So spring has sprung and now that we are in a new home we would like to start making the yard pretty my goal is to add flowers, greenery and a herb garden. We moved in last spring but spent first year tackling a very horrible yard more dirt than grass and there was more weeds in the grassed areas than there was grass. This being our first place where we can plant anything and our second spring of having dogs i was wondering if anyone has any tips of safe dog friendly gardening. For example what flower, greenery and herbs to avoid, what are safe flowers, greenery and herbs to plant that if they get into they won't get poisoned. What plants are dogs naturally attracted to, or naturally avoid. Tips of how to keep them from digging, or out of the dirt. We are looking for flowers that will grow yearly on their own. Our yard is on the west side of our house. Despite how bad my yard was it has very healthy soil (house was a rental before we bought it and yard was very unkept). Our yard is medium sized and the patio takes up 1/3 of it so we would like to avoid taking up grace space to do raised garden beds. Oh i guess plants have to be durable enough to handle 2 dogs peeing in the yard.

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Here's a list of plants that are non-toxic to dogs (and cats and horses, if you wish).  This isn't a complete list, but it is large.

 

http://www.aspca.org/Pet-care/poison-control/plant-list-dogs.aspx

 

We just bought our first home last year, so I've been researching the very same subject since last fall.  ;)  Raising your flower beds is a good way to keep the doggies out.  I try to keep mine at about chin-height or higher and it seems to discourage my pooch.  He doesn't seem to find it as fun to have to climb into the bed in order to dig.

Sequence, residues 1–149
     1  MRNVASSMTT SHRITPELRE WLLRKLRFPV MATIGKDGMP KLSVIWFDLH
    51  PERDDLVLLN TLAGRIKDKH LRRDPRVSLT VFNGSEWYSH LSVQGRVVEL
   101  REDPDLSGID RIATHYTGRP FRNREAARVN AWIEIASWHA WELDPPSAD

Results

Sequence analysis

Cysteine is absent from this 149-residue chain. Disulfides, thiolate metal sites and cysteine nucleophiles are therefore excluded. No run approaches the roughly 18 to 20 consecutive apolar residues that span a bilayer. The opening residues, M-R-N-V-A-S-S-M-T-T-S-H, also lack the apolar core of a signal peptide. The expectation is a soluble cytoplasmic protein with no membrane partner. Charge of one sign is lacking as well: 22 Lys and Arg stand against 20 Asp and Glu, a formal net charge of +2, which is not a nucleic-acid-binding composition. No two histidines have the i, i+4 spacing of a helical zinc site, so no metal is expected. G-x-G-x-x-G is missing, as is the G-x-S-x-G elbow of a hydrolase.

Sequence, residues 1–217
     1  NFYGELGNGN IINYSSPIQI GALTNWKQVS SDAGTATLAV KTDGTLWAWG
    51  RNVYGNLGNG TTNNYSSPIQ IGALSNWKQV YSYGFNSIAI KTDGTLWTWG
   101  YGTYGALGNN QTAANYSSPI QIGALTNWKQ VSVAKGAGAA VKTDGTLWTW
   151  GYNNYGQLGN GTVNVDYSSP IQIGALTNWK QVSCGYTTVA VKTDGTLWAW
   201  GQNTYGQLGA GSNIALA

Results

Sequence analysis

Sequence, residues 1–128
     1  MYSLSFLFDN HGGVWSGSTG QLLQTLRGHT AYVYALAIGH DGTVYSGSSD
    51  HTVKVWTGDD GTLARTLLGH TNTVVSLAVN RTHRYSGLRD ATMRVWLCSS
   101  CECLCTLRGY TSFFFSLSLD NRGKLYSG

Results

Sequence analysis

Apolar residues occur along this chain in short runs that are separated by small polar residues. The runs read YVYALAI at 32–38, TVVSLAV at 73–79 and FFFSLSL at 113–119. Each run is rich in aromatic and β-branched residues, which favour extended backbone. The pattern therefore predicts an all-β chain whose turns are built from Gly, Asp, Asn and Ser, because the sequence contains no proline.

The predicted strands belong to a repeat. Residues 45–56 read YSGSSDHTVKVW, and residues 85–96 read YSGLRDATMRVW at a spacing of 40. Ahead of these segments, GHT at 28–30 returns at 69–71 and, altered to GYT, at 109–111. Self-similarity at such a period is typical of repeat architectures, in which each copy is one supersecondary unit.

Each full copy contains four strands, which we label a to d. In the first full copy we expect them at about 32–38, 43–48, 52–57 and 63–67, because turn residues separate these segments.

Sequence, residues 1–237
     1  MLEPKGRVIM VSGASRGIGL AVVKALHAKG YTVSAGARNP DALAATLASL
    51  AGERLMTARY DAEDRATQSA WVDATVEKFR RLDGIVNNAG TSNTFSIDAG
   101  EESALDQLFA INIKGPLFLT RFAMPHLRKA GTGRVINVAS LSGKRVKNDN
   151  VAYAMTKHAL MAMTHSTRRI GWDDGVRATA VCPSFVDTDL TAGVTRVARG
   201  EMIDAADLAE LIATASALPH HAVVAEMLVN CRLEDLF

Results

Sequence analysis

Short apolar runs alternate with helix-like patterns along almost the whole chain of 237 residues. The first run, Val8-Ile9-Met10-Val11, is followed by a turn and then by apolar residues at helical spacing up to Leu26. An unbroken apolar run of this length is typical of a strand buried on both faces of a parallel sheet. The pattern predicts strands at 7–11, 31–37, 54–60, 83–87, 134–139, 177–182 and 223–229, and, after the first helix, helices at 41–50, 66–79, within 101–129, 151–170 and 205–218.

I'm zone 5, so here are some of the flowers and greens I've been looking into planting (an image search will show you what they all look like):

 


Wave Petunias, Evergreen Candytuft, Aubrieta cultorum, Phlox Paniculata, Brunnera, & Stachys Byzantina

http://www.aspca.org/pet-care/poison-control/plants/

 

Here's the search-able list of the plants.  My darned connection is a bit screwy today and I couldn't edit into the above post in time. 

Serviceberry  Amelanchier alnifolia

Red flowering currant   Ribes sanguineum

and, of course:

Dogwood    Cornus sericea

if there are hardy fuchsias that survive in your climate, they are fun and 0 maintenance.

Native roses can be good natural barrier plants.

Serviceberry are fabulous and tremendously underused.   I have catbirds who will spend all day in mine when they have berries.   The berries are very tasty, if you can get any after the birds are done with them.

The only place I've seen cedar waxwings in Seattle is in our serviceberries.  Every year.

Pay attention to the dog runs and tennis ball courses.  Plan the race courses around your yard.  Place shrubs accordingly.

Kimberlie,